By DERON SNYDER
Cleveland guard J.R. Smith is disappointed that the Golden State Warriors finally lost. He wanted them to remain undefeated entering their game against the Cavaliers on Christmas Day. At least he had a reasonable chance. Had Golden State survived the seventh game of a grueling road trip and handled business in three contests at home, Cleveland would’ve rolled into Oracle Arena to face a 28-0 Warriors team.
That was much more probable than my impossible dream scenario for Feb. 3, when Washington hosts the defending NBA champions. Now, after the 108-95 defeat Saturday night at Milwaukee, Golden State’s best record for its lone trip to Verizon Center would be is 47-1.
We knew the streak had to end at some point, most certainly before February. But it was fun to imagine Golden State chasing down the 2012-13 Miami Heat, who won 27 consecutive games, and then the 1971-72 Los Angeles Lakers, who hold the record with 33 wins in a row. Those milestones have faded from view but the biggie – the 1995-96 Chicago Bulls record of 72 wins in a season – remains a distinct possibility.
Since the NBA limits each team’s’ number of appearances on national TV, maybe some Warriors games can air on the History Channel. The network would enjoy boffo ratings and could justify the decision as part of its mission, arguing that we’ve never seen a phenomenon quite like Steph Curry & Co.
During the just-concluded road trip, each venue took on a playoff-like atmosphere. We’re talking about regular-season games in early December, when the NFL and college football command attention and the NBA is barely warm. Disinterest has become so prevalent in recent years, observers have suggested that the season begin with the annual Christmas hoopsfest.
Christmas for NBA fans is the day Golden State comes to town, especially Eastern Conference markets where it’s one-and-done. Celtics-Warriors on Friday night was the toughest regular-season ticket in Boston since 2008, the night the team hung its first championship banner in 22 years. Fans among the raucous Milwaukee crowd wore prophetic “24-1” T-shirts and celebrated the victory like it was Game 7 of the Finals. Management was just as giddy, releasing confetti from the rafters.
Throughout the process, going 18-0 before embarking on a two-week trip across six states and two countries, the Warriors never quit smiling. They never stopped relishing the moment or enjoying the spotlight. Not once did they appear frazzled or annoyed by the constant attention. If the streak produced pressure, they were oblivious or immune, yet another reason we love the way roll.
Golden State is giving us a new lesson on human nature, debunking widely-held theories that championship teams will suffer from malaise or dysfunction the following season. Some players are supposed to be too content with their laurels while others are supposed to be frustrated with their recognition, role, salary or all of the above.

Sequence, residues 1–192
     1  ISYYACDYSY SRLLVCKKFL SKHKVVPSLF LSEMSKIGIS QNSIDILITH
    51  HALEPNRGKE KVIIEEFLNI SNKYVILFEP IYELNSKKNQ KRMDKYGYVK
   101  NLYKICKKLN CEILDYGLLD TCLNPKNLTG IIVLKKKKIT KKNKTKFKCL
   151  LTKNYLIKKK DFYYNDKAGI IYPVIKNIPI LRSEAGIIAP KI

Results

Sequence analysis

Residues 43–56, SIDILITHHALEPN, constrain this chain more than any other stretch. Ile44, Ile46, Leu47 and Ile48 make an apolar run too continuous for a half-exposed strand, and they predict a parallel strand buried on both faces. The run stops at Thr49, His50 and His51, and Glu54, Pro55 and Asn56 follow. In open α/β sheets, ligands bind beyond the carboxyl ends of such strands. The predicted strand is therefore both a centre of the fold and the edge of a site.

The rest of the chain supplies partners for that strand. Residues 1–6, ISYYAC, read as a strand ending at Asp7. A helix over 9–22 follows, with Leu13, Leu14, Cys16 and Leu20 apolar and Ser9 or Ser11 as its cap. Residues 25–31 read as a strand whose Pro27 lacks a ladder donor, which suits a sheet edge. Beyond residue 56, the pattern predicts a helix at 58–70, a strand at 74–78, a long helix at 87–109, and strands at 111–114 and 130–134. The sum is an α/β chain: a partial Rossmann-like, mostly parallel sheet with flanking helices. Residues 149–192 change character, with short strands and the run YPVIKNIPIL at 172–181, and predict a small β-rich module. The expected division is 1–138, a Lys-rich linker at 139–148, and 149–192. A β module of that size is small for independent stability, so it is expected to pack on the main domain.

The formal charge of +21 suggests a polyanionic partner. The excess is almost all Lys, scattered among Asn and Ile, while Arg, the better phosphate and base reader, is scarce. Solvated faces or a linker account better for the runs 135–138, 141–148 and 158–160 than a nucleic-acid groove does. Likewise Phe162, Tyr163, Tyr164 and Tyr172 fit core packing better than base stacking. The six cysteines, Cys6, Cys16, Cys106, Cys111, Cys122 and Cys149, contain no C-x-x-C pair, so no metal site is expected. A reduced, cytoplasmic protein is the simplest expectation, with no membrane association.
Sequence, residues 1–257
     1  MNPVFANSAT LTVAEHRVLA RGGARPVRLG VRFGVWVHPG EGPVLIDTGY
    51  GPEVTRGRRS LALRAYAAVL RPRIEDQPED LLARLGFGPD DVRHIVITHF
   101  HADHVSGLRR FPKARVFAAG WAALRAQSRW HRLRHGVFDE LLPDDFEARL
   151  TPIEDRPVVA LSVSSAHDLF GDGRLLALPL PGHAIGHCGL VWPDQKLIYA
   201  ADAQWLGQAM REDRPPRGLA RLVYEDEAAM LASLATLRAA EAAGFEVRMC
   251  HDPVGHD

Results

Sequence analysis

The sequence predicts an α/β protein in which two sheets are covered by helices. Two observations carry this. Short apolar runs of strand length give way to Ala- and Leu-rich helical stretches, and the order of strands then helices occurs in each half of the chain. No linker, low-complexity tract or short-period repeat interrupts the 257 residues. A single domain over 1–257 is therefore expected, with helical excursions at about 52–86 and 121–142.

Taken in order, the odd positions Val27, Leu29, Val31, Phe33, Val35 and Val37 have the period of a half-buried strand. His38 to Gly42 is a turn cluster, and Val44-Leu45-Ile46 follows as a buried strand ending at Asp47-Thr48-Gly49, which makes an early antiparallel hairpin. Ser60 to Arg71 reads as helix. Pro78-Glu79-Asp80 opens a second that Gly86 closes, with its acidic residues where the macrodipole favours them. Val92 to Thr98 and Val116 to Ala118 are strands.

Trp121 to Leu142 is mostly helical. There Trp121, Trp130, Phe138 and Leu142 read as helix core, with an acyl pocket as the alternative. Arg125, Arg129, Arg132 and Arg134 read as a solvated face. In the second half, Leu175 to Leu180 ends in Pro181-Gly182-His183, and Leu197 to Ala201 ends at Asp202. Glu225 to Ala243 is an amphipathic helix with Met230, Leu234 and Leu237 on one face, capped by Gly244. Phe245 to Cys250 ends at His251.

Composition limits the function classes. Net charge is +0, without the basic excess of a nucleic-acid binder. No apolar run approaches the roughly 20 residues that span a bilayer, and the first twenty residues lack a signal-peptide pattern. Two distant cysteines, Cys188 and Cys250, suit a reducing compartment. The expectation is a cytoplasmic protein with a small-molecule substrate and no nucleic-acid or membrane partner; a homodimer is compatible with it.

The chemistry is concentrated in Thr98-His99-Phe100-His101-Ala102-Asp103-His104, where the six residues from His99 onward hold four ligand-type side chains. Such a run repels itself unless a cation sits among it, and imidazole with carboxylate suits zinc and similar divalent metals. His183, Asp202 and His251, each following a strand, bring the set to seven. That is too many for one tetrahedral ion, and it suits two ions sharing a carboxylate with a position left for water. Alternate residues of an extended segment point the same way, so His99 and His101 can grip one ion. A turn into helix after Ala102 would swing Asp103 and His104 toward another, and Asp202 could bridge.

Curry is the NBA’s reigning MVP, en route to an encore, but he’s only the fifth-highest-paid player on his team, behind Andre Iguodala, Draymond Green, Klay Thompson and Andrew Bogut. Nonetheless, Curry exhibits the same unselfishness that has become a Warriors hallmark, evidenced by the way they whip passes and help each other on defense.
“Yeah, you should get paid market value, paid for what you’re worth,” Curry told Yahoo Sports. “But at the time, ($44 million in 2012) for four years, I was comfortable with it. You can’t look back, because it’ll bring negativity. It’ll cause dissension in the team if you allow it to.”
The only visible dissension might be who’s the biggest cheerleader. The Warriors’ bench is always fully engaged, even when it’s filled with resting starters. Curry pulls up for ridiculously long three-pointers every now and then, field-goal attempts that would enrage teammates on other squads. But the Warriors understand that Curry has ‘broke the game;’ there’s virtually no such thing as a bad shot if he’s the one hoisting it.
The 24-game streak provided tremendous entertainment for fans and value for the league. It wasn’t overbearing for the Warriors, who embraced the challenged. But it wasn’t normal either. “I told the guys postgame,” Green told reporters Saturday, “‘Now we can have a regular season.’ It’s been kind of a playoff feel to this, just with the streak and all the media around, all the attention around.”
Players and interim coach Luke Walton conceded that wins had begun to cover up mistakes. They said the team slipped over the last several games, neglecting little things though coming away unscathed. “When your continued victory results in so much national acclaim, it’s easy to ignore what needs improvement,” Walton told reporters.
The idea that Golden State has room for improvement might scare some opponents. But it gives hoops fans a warm sense of anticipation. One loss in 24 games hasn’t quenched the appetite for Warriors basketball.
Instead, it makes us hungry to consume more.